IF and FRFG Join Forces to Launch Third Demography Prize for Young Researchers 2010/11
For the first time, the UK’s newly established Intergenerational Foundation (IF) and Germany’s Foundation for the Rights of Future Generations (FRFG) have joined forces to award a demography prize of €10,000. The prize has been initiated and funded by the German Apfelbaum Foundation in order to promote a public and science-based debate about demographic change and its consequences. Moreover, it wants to open up new horizons for decision-makers.
About the Intergenerational Foundation
The Intergenerational Foundation (IF) has been newly established to research fairness between current and future generations in the UK. IF is actively researching the causes of current intergenerational unfairness and offering possible solutions for a fairer future. We are politically independent, not-for-profit with charitable objectives.
About the Foundation for The Rights of Future Generations
The Foundation for the Rights of Future Generations (FRFG) has been established for over 10 years in Germany. It is a think-tank on the interface of science, politics and the business world. To FRFG, intergenerational justice means that today’s youth and future generations must have at least the same opportunities to meet their own needs as the generation governing today.
The Award’s Topic
The FRFG and IF call for papers on the following topic:
“Old majority – Young minority: Where is a power shift between generations already visible and how can you balance it?”
The following text will provide some first ideas for a submission.
Demographic change has long since become a reality – populations are getting fewer and older. In 2060, the over-65s will make up more than one third of the German population and only about 16% of the general population will be under 20. The UK is projected to see a rise of over 390% in the numbers of over-90s by 2040 with more than 10 million over-75 year olds still living.
We can, at the most, cushion the blow of this impending new generational stratification, but we will not be able to stop it. The ageing process is already inevitable, since the baby boomers of the 1950s and 1960s, retiring as of 2015, were not be followed by equally sized birth cohorts.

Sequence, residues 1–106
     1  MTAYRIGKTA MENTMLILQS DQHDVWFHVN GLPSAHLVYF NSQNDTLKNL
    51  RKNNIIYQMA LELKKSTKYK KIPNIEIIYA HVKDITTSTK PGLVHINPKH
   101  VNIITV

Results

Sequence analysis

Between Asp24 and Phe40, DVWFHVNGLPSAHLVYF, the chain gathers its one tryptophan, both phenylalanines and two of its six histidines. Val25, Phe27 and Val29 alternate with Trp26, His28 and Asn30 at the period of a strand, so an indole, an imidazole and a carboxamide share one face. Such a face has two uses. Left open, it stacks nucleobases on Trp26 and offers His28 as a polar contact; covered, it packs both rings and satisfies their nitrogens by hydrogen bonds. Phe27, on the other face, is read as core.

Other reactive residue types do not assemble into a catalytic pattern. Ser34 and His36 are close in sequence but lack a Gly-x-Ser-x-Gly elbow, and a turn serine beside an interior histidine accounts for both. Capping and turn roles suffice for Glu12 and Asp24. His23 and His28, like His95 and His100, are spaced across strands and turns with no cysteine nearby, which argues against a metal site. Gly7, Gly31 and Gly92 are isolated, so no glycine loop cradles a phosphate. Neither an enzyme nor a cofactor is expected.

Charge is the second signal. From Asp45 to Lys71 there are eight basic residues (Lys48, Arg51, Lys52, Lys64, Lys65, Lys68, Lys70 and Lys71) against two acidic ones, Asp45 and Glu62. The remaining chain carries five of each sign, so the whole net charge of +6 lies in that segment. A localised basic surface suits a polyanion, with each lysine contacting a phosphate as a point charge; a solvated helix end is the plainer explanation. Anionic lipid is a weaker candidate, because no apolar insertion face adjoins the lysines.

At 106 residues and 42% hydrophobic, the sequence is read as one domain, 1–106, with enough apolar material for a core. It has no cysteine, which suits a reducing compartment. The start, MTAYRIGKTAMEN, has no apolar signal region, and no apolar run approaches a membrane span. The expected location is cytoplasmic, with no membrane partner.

Similar trends have been observed worldwide. Thus, it is imperative that adjustment to this new generational stratification takes centre stage in the agendas of politicians and in society. Therefore, today there is a pressing concern to develop both specific and interdisciplinary solutions in order to rise to this challenge.
Political parties may ask if and how the ageing process will affect their political programmes and the staffing of party committees. Is there a need, and is it even possible to counteract this trend, by introducing youth and/or generational quotas? Similar to women’s quotas, relevant party bodies would then have to include a certain percentage of young people.
In this context, it may also be worth finding out if young and old people each use different means of communication to articulate their interests. Young people more often campaign via the internet and exercise their active and passive right to vote less frequently than older generations – both having a negative impact on their political representation. Young people may be encouraged, for example, to establish a party such as in the city of Monheim, Germany where, at present, even the mayor is a product of the PETO Youth Party. Another solution may be an electronic internet voting system. This already became a reality in 2005 in Estonia, when it became the first country to offer ‘internet voting’ nationally in local elections. http://en.wikipedia.org/wiki/Electronic_voting_in_Estonia#cite_note-11
With regard to the welfare state, it would be an interesting exercise to examine if public spending patterns will shift towards rising expenditures for older generations (pensions, elderly care, invalidity, health) and simultaneously decreasing expenditures for younger generations (education, family support). If so, how can we close this socio-economic justice gap?
A changing order of social policy priorities also becomes apparent at local level where we can already see infrastructures for elderly people incrementally substituting infrastructures for young people (schools, day-care centres, youth clubs). Does that imply that the definition of the ‘common good’ grows older, too? Are cross-generational facilities such as multigenerational houses an appropriate way to tackle this complex problem?
The economic system will also have to deal with the ageing population. How will companies react? Is the older workforce growing increasingly more powerful thanks to employers adhering to benefices such as the principle of seniority? Or will young people have better chances and opportunities due to the shortage of skilled labour? Are generational or youth quotas also suitable for companies and their executive boards?